By MaryBeth.

Thank you for creating GoReadingBerks, one of my go-to websites when I need a dose of hometown nostalgia. Like you, I have fond memories of growing up in Reading. My memories include: being eye level with cases full of Pennsylvania Dutch delicacies at the downtown Farmer’s Market, going down the elephant slide at 11th & Pike Playground, playing on the contemporary climbing structures at Stone Cliff, sledding on snowy hills at Albright, winning a bottle of A-Treat cream soda at the 13th & Union spring carnival, getting up the nerve to jump off the high dive at College Manor Pool, feeling the air conditioned comfort of the Northeast Branch of the Reading Public Library during meetings of the summer reading club, joining schoolchildren from all over the city on the steps of the Reading Museum in a Berks Grand Opera production, stopping at Rundle’s on the way home from school to buy a piece of candy with leftover lunch money, eating cheesesteaks from Augie’s, ice skating at Timberline, buying an Izod polo shirt at the David Crystal outlet…and so much more.

Though I moved away from Reading in the mid-1990’s, my mother remained in our family home until just four years ago. Through her, I stayed connected to what was happening in Reading, for better or for worse. I know that Reading fell upon hard times, but I am optimistic that the worst is behind the city so many of us are rooting for and that things are looking up.

Two recent visits gave me hope. Last summer, I traveled to Reading to photograph sites of personal historical significance. That mission took me all over the city, from the former site of Jackson’s Lock just off Canal Street, to my grandfather’s boyhood home on South Tenth Street, to my great-grandfather’s home on Windsor Street, to the building on 8th Street that once housed Bachman’s Pretzels, and numerous places in between.

I walked all over the city and never felt unsafe. The people I encountered were friendly. I ducked into a corner store to buy an umbrella. I attended a concert at the bandshell in City Park. My Airbnb shared a balcony with a hospitable neighbor in the Centre Park Historic District.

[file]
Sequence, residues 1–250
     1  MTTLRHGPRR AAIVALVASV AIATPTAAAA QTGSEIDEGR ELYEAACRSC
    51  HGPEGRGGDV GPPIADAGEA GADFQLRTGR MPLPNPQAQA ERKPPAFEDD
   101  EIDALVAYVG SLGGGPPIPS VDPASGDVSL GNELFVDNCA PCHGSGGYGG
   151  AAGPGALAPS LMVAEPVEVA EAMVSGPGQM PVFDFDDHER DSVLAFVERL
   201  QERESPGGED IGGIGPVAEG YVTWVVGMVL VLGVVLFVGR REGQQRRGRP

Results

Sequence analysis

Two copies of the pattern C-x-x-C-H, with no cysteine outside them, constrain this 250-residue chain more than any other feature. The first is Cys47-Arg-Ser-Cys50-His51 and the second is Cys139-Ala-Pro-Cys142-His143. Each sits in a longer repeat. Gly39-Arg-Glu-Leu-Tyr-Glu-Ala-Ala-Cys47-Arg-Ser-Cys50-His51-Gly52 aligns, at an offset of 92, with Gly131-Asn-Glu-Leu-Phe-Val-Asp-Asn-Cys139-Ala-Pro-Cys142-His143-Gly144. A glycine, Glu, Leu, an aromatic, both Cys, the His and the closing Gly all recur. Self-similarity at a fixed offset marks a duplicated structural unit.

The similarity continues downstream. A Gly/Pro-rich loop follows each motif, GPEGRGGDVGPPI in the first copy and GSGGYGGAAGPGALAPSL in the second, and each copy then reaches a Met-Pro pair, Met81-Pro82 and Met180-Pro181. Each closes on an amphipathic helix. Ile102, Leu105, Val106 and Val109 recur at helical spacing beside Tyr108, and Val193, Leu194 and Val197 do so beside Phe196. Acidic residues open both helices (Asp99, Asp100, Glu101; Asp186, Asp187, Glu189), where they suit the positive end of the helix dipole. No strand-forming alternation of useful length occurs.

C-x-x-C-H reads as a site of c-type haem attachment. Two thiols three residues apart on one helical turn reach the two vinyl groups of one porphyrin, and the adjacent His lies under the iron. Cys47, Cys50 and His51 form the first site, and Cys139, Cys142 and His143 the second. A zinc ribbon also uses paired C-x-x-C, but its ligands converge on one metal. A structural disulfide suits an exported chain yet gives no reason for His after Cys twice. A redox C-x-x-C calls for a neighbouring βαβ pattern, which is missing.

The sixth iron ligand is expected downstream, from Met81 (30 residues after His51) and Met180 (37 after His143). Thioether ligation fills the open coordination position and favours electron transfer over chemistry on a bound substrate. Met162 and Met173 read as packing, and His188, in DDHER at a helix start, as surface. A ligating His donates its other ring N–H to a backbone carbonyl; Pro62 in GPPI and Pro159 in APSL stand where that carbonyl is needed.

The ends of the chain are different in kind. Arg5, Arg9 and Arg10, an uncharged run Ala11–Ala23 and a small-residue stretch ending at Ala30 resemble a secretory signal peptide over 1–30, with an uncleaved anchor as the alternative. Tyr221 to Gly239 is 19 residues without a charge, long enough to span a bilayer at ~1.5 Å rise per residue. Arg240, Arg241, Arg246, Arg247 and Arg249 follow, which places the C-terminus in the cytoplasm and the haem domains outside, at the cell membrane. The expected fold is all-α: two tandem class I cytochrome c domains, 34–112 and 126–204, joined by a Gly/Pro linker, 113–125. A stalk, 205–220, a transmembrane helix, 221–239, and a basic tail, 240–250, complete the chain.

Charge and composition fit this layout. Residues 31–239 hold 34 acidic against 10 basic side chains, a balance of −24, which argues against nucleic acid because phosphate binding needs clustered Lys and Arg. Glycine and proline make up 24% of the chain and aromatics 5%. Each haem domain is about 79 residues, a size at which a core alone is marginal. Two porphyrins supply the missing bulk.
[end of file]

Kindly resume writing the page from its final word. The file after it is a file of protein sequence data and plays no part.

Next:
When I returned to Reading in the fall, I stayed at an Airbnb in Hampden Heights. Immediately upon arrival, I noticed the children. Children were walking home and playing outside. Parents were sitting on front porches. It reminded me of the old days. I walked to Pizza Italia to pick up a pizza for dinner. It was as delicious as ever.

The trees on Mount Penn and Neversink Mountain were ablaze with color. I drove along Skyline Drive to the Pagoda and saw groups of younger people admiring the views and taking selfies. I hiked to the Witch’s Hat pavilion on Neversink Mountain, encountering a lone runner along the way. The trails on both mountains have been improved with maps and signs in recent years. With mountain as well as river trails, Reading’s outdoor offerings are exceptional.

Good things are happening in Reading! Nicely updated homes in every corner of the city are going on the market and selling. As you noted on GoReadingBerks, Alvernia is opening a downtown campus. The Santander Arena and the Sovereign Center are drawing crowds. A Fightin’ Phils game is still a fun way to spend a summer evening. Saucony Creek Franklin Station Brewpub and Reading Distilling Guild have set up shop in historic buildings downtown. And the Trexler Mansion/Elks Lodge restoration is underway.

There is still room for improvement, of course, but Reading is heading in the right direction. In our lifetimes, we have witnessed Reading’s transition from an industrial powerhouse to the outlet capital of the world to New Jack City to…what’s next?

A college town? The greater Reading area is home to Albright, Alvernia, Penn State Berks, RACC and now a Drexel University College of Medicine campus. Any chance of luring a law school downtown? Of developing a student-oriented living/shopping/entertainment district? If it can happen in West Philly, it could happen in Reading.

The latest place to shop? Nationwide, malls are on their way out and Main Street shopping is in. Suburbs lacking main streets build them from scratch to anchor new retail development. Reading already has one. It seems to me that there are more than enough people in Berks County to support a row of retail shops on Penn Street.

A destination for historical tourism? Why shouldn’t Reading be the site for a national museum of railroad and/or industrial history? Could some of Reading’s architectural treasures be turned into museums showcasing the furnishings and lifestyles of bygone eras? Would it be possible to offer guided walking tours through Charles Evans Cemetery? The possibilities are endless.

Reading will never be the same as it was when we were kids, but someday it might be even better. Go Reading, Berks!


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